Illegal GMO Corn Expelled Over a Decade Ago Contaminates Saudi Arabian Crops

Christina Sarich
Natural Society
August 27, 2013

According to a breaking study published in the journal, Applied Biochemistry and Biotechnology, StarLinkâ„¢ maize made by Aventis CropScience and later bought out by Bayer has infiltrated numerous Saudi Arabian crops.

StarLinkâ„¢ is a controversial GMO corn of the Bt variety which utilizes Cry9C proteins as a way to kill caterpillars and ‘protect’ corn crops. The problem is that while the Cry proteins were made to destroy stomach and liver cells in insects, these proteins have also been shown to cause damage in livestock. Concerns are that these health issues will most certainly travel up the food chain, and harm humans as well, and multiple studies are now showing this to be true.
Controversy and Dangers of StarLinkâ„¢ and Bt Toxins

Controversy surrounding StarLinkâ„¢ corn began when traces of DNA from the product were found in taco shells and other corn products. StarLinkâ„¢ is illegal in human food, even though it has been used as animal feed. The EPA Scientific Advisory panel considered Cry9C only a ‘medium risk potential’ to humans, and primarily as an allergen.

People normally have to be exposed to a potential allergen multiple times before developing health issues, but research around Cry toxins has shown that they are much more damaging than just food allergens. Some studies link Bt toxins to forms of cancer, including Leukemia. The EPA has also received numerous reports of adverse reactions to Cry9C. The Aventis Company is actively seeking approval from the FDA for both human and animal consumption of StarLinkâ„¢, but it is currently illegal.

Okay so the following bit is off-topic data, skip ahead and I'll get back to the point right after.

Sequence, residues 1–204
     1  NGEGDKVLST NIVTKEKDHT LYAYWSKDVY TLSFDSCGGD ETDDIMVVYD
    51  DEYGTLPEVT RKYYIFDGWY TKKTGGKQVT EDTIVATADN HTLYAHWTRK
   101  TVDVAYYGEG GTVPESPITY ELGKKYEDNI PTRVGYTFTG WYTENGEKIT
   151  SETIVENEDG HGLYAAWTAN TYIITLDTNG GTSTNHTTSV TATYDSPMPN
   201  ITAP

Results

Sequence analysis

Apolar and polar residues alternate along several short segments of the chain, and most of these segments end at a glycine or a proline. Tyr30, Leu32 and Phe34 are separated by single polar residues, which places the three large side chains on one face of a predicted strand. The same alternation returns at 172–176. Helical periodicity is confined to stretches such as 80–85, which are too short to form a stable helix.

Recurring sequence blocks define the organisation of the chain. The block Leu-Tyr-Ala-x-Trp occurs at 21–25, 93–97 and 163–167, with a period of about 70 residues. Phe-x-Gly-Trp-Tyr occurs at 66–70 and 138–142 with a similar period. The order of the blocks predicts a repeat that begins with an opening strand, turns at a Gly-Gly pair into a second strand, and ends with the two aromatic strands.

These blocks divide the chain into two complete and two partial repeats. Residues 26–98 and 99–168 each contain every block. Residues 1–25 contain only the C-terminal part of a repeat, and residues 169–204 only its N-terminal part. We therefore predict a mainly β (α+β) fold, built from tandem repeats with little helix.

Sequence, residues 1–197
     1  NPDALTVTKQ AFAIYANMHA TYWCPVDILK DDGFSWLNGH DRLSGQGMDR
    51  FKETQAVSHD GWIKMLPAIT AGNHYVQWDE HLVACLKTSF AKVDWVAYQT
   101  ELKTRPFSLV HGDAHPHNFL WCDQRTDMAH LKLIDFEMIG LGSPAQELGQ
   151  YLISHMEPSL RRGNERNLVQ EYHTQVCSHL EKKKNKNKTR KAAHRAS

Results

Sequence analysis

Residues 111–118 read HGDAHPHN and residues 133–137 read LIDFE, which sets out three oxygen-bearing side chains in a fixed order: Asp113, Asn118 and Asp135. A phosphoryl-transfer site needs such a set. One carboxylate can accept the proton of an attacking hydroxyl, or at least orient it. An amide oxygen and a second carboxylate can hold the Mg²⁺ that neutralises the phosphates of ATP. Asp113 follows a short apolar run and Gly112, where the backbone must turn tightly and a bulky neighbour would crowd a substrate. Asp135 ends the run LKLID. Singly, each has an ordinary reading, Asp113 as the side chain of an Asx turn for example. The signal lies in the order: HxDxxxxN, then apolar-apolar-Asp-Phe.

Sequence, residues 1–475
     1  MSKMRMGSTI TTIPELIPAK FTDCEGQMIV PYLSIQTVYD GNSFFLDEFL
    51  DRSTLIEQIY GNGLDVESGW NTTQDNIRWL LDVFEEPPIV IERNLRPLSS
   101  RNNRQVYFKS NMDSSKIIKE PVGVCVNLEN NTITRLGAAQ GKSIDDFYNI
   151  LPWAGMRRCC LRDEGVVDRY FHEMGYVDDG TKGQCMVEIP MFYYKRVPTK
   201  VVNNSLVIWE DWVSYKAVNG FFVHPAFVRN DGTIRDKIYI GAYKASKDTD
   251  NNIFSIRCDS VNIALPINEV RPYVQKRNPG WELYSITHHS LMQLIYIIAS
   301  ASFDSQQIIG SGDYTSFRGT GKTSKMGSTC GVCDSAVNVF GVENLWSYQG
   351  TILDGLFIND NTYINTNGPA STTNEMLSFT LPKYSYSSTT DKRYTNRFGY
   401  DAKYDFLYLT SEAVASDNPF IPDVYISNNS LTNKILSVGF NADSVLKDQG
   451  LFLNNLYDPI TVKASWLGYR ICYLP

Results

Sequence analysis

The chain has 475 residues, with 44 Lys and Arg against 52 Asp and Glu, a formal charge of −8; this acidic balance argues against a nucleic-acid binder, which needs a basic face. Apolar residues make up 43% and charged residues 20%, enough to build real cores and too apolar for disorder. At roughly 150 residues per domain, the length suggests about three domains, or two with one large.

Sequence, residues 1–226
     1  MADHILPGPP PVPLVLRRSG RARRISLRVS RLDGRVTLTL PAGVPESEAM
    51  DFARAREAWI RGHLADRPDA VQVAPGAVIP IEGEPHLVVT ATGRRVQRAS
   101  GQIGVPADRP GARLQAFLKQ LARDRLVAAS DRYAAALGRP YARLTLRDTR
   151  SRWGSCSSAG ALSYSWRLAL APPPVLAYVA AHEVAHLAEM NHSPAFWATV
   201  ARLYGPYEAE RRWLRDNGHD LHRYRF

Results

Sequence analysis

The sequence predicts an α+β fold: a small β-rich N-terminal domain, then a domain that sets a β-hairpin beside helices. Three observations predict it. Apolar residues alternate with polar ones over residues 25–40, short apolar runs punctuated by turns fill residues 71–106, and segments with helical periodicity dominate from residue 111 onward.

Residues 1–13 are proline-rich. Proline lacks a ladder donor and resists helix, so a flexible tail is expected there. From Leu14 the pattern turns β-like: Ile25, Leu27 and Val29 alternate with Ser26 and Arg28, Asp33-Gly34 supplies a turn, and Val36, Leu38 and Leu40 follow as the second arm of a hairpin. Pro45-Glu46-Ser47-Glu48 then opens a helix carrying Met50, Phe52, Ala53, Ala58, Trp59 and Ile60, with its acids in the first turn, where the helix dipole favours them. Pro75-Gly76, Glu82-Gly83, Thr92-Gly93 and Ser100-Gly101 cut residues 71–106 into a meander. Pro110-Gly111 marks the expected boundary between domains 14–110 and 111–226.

Furthermore, due to the health issues related to the consumption of StarLinkâ„¢, it was the first ever genetically modified food actually recalled, and Aventis promised to discontinue its use. The contaminated aid corn was found after this supposed recall.

Nonetheless, the illegal corn is showing up abroad, contaminating food products in Saudi Arabia. Less than a decade ago, the illegal corn was also found in ‘aid’ food sent to Central American countries by the World Food Program to have over 80% contamination rates. After this finding,Guatemala, Nicaragua, Honduras, and El Salvador refused the GM food ‘aid.’

Sayer Ji of GreenMedInfo indicates the conclusions of the most recent study of more than 200 samples conducted in Saudi Arabian provinces Al-Qassim, Riyadh, and Madhina in 2009 and 2010:

All rice samples were negative for the presence of 35S and NOS GM gene sequences.
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